Updated: Jan 12, 2019
Directed by: #JenMcGowan
Written by: #JulieLipson
College co-ed (Hermione Corfield) follows her GPS into the backwoods of Kentucky, and hits a dead end before bumping into some less-than-helpful locals: tussle, injury, escape into the woods.
I don’t know how many times you’ve seen that very film, but I have probably seen it twice already this week. (It’s a problem, I know.)
This woman-in-peril pairing with the “city folk lost in the backcountry” formula equals one very tired experience.
The fact that filmmaker Jen McGowan, working from a script by Julie Lipson, offers us a victim/heroine who fights and thinks is not quite enough to save Rust Creek from drowning. But McGowan’s tricky, and she has more surprises packed in her double-wide than you might think.
The film, on its surface, asks us to rethink the victim in a hillbilly thriller. But Rust Creek cuts deeper when it requires that we—and the heroine, for that matter—rethink the hillbilly.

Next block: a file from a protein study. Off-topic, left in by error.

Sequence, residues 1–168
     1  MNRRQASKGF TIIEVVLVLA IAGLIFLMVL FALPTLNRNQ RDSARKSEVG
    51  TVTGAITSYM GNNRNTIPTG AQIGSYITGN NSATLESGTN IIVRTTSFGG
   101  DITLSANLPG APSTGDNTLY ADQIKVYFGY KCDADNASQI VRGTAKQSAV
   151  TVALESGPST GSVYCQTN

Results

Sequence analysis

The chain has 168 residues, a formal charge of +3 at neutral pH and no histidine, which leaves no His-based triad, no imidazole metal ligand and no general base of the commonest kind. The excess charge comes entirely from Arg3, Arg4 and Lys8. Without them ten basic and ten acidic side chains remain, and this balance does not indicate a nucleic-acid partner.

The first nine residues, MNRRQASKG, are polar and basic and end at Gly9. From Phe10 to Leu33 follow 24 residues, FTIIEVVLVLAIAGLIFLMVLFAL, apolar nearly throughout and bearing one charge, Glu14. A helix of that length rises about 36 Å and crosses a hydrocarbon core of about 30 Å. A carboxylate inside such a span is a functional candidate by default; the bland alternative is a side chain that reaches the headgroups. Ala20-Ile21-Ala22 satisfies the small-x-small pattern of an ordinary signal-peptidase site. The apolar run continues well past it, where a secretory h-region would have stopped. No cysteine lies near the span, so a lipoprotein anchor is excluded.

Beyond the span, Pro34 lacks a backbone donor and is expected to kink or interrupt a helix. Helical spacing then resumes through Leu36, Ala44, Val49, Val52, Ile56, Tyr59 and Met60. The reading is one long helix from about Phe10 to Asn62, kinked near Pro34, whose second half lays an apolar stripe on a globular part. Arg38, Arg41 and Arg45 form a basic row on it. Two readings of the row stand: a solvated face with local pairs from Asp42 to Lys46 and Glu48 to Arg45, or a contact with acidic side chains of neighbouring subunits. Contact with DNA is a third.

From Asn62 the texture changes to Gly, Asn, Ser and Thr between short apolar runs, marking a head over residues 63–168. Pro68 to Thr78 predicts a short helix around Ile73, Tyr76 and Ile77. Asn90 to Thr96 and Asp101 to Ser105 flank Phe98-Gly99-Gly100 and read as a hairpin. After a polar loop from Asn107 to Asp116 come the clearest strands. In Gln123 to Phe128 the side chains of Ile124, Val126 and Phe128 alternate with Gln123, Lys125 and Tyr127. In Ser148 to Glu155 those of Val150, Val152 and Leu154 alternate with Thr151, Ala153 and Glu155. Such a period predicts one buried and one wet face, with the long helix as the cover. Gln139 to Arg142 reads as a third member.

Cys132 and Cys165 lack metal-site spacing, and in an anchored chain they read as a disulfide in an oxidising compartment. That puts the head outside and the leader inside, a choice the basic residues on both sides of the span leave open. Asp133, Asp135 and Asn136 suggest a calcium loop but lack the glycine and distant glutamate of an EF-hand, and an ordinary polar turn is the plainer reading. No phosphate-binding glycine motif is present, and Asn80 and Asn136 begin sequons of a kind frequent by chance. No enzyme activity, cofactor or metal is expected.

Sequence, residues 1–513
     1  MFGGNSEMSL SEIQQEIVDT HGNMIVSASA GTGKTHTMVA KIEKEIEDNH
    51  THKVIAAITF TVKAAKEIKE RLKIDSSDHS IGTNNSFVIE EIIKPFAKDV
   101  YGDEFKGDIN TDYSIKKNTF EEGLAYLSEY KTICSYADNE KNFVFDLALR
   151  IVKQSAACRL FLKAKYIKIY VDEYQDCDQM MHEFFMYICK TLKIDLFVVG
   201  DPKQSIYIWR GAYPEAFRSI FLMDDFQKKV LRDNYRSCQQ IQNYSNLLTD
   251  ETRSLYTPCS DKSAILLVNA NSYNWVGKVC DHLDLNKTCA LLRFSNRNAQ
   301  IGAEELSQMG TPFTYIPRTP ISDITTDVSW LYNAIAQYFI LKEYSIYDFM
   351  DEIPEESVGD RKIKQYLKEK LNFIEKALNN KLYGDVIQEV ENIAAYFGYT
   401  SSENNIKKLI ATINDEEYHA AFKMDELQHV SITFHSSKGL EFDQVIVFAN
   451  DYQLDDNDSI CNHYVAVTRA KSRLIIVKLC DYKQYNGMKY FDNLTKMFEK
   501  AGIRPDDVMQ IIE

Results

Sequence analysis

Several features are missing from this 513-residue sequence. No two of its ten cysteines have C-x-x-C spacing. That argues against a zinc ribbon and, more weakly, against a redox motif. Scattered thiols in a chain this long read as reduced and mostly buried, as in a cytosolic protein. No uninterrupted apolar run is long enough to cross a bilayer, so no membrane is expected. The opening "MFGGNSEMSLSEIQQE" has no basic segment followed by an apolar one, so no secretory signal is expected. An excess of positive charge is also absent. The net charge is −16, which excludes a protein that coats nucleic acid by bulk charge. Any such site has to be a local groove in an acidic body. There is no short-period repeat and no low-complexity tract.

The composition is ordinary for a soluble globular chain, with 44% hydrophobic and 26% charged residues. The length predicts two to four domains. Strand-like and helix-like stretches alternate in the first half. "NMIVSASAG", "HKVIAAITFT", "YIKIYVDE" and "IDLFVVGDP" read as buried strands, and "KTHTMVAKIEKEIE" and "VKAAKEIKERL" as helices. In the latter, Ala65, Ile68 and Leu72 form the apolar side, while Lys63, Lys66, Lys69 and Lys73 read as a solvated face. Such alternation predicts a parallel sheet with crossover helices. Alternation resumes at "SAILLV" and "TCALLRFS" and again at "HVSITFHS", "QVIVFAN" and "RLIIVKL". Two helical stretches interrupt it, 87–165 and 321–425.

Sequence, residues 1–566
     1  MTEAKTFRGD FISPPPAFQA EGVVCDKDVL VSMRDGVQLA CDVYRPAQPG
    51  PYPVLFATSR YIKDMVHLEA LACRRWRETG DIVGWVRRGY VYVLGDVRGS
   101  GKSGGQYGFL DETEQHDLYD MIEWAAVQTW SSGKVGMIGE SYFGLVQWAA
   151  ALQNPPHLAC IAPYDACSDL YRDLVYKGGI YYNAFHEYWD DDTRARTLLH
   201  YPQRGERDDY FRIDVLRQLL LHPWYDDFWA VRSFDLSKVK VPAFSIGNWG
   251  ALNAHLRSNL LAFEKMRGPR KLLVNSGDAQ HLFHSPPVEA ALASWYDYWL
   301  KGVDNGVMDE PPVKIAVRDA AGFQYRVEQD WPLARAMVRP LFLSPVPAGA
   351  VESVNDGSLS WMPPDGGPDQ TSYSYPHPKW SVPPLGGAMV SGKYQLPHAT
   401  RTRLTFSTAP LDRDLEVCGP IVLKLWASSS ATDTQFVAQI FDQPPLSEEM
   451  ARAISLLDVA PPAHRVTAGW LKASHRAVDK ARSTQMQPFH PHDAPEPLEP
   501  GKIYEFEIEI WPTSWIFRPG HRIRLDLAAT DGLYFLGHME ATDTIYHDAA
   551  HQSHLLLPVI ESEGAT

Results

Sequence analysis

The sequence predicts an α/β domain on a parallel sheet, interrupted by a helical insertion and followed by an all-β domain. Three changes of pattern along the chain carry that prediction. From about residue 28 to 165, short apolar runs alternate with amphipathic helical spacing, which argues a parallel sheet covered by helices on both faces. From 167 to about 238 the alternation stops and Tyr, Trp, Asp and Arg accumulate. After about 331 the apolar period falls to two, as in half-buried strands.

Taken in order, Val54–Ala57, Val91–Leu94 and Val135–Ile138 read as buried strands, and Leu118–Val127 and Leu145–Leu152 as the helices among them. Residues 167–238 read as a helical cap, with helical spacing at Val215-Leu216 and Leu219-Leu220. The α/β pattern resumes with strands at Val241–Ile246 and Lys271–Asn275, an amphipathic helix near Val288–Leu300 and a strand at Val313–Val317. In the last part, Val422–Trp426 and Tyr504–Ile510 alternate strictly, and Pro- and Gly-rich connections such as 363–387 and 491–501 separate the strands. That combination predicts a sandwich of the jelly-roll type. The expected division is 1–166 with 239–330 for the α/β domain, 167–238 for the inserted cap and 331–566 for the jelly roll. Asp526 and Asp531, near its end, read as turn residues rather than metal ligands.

Michelle Lawler’s cinematography sets a potent mood, enveloping the proceedings in an environment that is in turns peaceful and gorgeous or treacherous and brutal, and she does it with natural, almost poetic movement.
This imagery allows the Kentucky woods to become the most vibrant character in the film, although those tree-covered hills are peopled by a few locals worthy of notice—not all, but a few.
Jay Paulson—best known to normal people for his brief stint on Mad Men, best known to my people as the porn-obsessed psychopath in Robert Nathan’s Lucky Bastard—cuts an intriguing, lanky figure as Lowell.
Slyly fascinating from the moment he takes the screen, Paulson shares an uncommon onscreen chemistry with Corfield. The smart, human relationship they build as they bide their time and cook some meth may be reason enough to see Rust Creek.
McGowan doesn’t burst as many clichés as she embraces, unfortunately. Still, the biggest obstacle facing her as she maneuvers her tropes to serve a (hopefully) unexpected purpose is that her protagonist is the least interesting character in the movie. This is not necessarily Corfield’s fault. She does what she can with limited resources. Sawyer is just the fuzziest character, and the one with the least articulated arc.
That means the resolution packs less of a wallop than it should, but certain moments and characters will linger.